The Most Important Parts

“The number of books being published in the U.S. has exploded. Bowker reports that over one million (1,052,803) books were published in the U.S. in 2009, which is more than triple the number of books published four years earlier (2005) in the U.S. (April 14, 2010 Bowker Report). More than two thirds of these books are self-published books, reprints of public domain works, and other print-on-demand books, which is where most of the growth in recent years has taken place. In addition, hundreds of thousands of English-language books are published each year in other countries. “ (Steven Piersanti, President, Berrett-Koehler Publishers. 2016)

New book titles published so far this year *
US – 300,000
UK – 185,000

Acquiring recent data is nigh impossible, some of the most current being 2014, but whatever the number, it presents a formidable climb to capture the attention of the reading public. Many people have shared all sorts of ingenious marketing tips to promote a book. As to these, pick your poison; however, promoting must start at the very foundation—the story—the basis for this eFile’s attempts to focus on the fundamentals of developing a good story. But what can be done to get the reader to open the cover and dip their toe into the story?

Think about any time you shopped for a book, not for a particular author or title, but a casual walk between the stacks—window shopping. What is the first thing that gets your attention? The cover. Without going into a long-winded exposition about covers, suffice it to say that it is the billboard that must grab the shopper’s attention. I don’t like “rules” that say you MUST do this or that to be successful. Many are personal and bogus, so, let’s consider this. Bright KIS. Bright colors attract and Keep It Simple. Simplicity helps to quickly suggest content. Do you think a shopper is going to spend a lot of time trying to decipher what the heck is being conveyed? Test this out for yourself at your favorite book-dealing haunt.


If you have designed a cover that attracts the shopper’s interest, they will take it off the shelf, and turn to the back. Here is your first sales pitch to briefly hint at what the story is about. This is the same as the long and short descriptions used to identify eBooks. The description is a writing art all to itself and should be studied. Like the amount of editing you spent (or should have spent), this takes time to properly craft. It can be a make or break promotion.

A well-written description that engages the shopper leads them to open it up, hopefully to the first page. (I’m not sure what the “open to anywhere” shopper is looking for other than trying to be a editor of sorts.) The opening paragraph, the first page, is the author’s big shot at capturing the shopper and making a sale. Not unlike the description, this writing is an art form. As such, there are several books written about this topic. The one that introduced me to this was Hooked by Les Edgerton.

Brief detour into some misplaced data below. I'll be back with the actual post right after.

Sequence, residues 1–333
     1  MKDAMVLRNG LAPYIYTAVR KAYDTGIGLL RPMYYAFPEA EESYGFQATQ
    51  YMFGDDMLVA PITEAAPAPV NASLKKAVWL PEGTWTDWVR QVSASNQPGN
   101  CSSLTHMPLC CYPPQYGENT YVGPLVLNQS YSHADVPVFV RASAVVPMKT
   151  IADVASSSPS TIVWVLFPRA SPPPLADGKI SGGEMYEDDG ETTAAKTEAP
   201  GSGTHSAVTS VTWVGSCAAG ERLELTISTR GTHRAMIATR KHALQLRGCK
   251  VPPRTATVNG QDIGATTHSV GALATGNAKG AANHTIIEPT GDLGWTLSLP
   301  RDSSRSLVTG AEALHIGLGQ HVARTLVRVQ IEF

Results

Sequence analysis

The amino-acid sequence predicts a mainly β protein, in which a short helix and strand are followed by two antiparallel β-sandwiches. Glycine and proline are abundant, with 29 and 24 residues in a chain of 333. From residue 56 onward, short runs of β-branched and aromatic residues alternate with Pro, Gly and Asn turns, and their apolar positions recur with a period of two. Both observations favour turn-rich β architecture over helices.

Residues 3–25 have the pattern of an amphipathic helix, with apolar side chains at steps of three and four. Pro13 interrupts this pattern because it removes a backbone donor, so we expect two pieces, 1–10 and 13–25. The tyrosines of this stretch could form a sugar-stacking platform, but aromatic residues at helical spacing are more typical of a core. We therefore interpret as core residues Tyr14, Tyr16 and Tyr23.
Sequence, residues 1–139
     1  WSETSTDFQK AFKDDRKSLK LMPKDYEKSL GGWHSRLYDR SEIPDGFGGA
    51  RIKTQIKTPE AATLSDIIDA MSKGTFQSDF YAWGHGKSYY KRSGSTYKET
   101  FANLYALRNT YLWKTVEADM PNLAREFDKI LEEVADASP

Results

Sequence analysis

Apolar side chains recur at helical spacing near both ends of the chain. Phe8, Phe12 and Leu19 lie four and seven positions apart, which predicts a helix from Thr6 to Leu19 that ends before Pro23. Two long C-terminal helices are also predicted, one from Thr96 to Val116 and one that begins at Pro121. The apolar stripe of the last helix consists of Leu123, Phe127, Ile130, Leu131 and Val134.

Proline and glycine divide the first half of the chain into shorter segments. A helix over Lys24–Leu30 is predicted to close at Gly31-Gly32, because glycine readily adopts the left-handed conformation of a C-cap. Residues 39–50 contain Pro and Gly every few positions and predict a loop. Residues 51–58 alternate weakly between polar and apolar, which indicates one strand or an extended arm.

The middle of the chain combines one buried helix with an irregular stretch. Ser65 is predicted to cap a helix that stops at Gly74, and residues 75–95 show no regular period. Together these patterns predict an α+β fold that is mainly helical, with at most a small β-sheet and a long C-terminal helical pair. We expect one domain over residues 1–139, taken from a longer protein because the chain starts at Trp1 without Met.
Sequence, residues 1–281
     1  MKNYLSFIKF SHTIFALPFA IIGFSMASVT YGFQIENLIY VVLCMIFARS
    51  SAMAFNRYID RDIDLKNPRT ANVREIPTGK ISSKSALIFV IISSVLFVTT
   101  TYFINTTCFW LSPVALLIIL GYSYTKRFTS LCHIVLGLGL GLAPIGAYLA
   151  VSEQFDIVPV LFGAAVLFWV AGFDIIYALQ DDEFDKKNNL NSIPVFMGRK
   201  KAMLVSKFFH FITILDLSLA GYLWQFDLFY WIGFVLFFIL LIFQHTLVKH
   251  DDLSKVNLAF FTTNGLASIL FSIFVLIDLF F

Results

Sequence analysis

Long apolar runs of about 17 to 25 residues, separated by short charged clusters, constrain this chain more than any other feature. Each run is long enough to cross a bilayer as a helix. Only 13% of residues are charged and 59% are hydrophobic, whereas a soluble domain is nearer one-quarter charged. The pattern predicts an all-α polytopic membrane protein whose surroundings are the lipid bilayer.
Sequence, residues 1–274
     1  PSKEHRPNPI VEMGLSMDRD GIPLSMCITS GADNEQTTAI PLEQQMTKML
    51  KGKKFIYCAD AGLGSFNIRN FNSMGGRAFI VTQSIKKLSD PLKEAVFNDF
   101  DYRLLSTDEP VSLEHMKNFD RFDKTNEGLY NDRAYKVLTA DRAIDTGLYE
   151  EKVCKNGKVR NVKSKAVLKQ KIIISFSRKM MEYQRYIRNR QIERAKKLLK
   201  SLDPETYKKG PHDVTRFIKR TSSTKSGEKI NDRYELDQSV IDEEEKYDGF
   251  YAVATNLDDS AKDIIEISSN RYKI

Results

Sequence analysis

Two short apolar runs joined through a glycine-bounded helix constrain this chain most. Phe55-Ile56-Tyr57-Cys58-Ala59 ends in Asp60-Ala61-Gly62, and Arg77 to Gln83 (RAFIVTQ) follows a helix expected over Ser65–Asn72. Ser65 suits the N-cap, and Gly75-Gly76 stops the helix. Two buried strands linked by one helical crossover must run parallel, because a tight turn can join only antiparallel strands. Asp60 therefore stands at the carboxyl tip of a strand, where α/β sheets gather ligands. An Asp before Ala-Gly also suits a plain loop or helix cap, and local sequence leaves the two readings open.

Edgerton states that “An opening scene has ten core components: (1) the inciting incident; (2) the story-worthy problem; (3) the initial surface problem; (4) the setup; (5) backstory; (6) a stellar opening sentence; (7) language; (8) character; (9) setting and (10) foreshadowing.” He then goes on to explain each.

That’s a lot of stuff. For one paragraph? For the first page that may count 10-15 lines of text? It can be, so let’s take a look at look at a newspaper article. The first paragraph is called a “lead.” Generally restricted to 25-30 words, it quickly focuses on the most important pieces of information: what, when, where. The following paragraphs introduce the who, why, and how. With all articles presented on a page, it is designed to catch your attention and pull you into the story.

No, not all of Edgerton’s “Big 10” need be in that first paragraph and/or page. Pick and chose what will capture the shopper and turn them into a reader. That’s why this one element of the story is your opening shot, and it must be a good one, and why I will agonize and re-write the opening upwards of 20-30 times. (Really.)

To belabor the point, the first paragraph and/or first page is the hook. If it does not draw the reader into the novel, the writer better have an established reputation of spinning a great tale.

The epithet-framed argument between husband and wife down stairs was about Charlie, as usual, until Carter Pendergast stomped into the boy’s bedroom, Goliath wielding a wide, leather belt raised to strike. Seated on the bed trying to ignore the altercation by listening to a music CD turned up loud, the fifteen-year-old rolled away to the other side. As Carter came around to catch him, he leaped back over the bed, and out the front door, step-dad in screaming pursuit.

Despite being clad only in boxers, there was no hesitation sprinting down the street. Glancing over his shoulder to see how close Carter was behind, he failed to notice Marc Taylor’s Uncle Harun exit a pickup truck and step into the line of flight. The young man ricocheted off him as if hitting an immovable boulder to sprawl on the grass strip between sidewalk and curb. Carter was on him in an instant, arm raised to lay on the belt, but found it locked mid-air. Uncle Harun had him by the wrist. (end page 1, Herakleides: Prelude to War)

Now on a roll, don’t stop there. Next is that 10% often provided by distributors. Your story must continue strong to keep the reader going, and where a lot of what has already been presented and will be presented in this eFile series comes into play.

* Current figures are not readily available, therefore this is an estimate based on figures bantered about.


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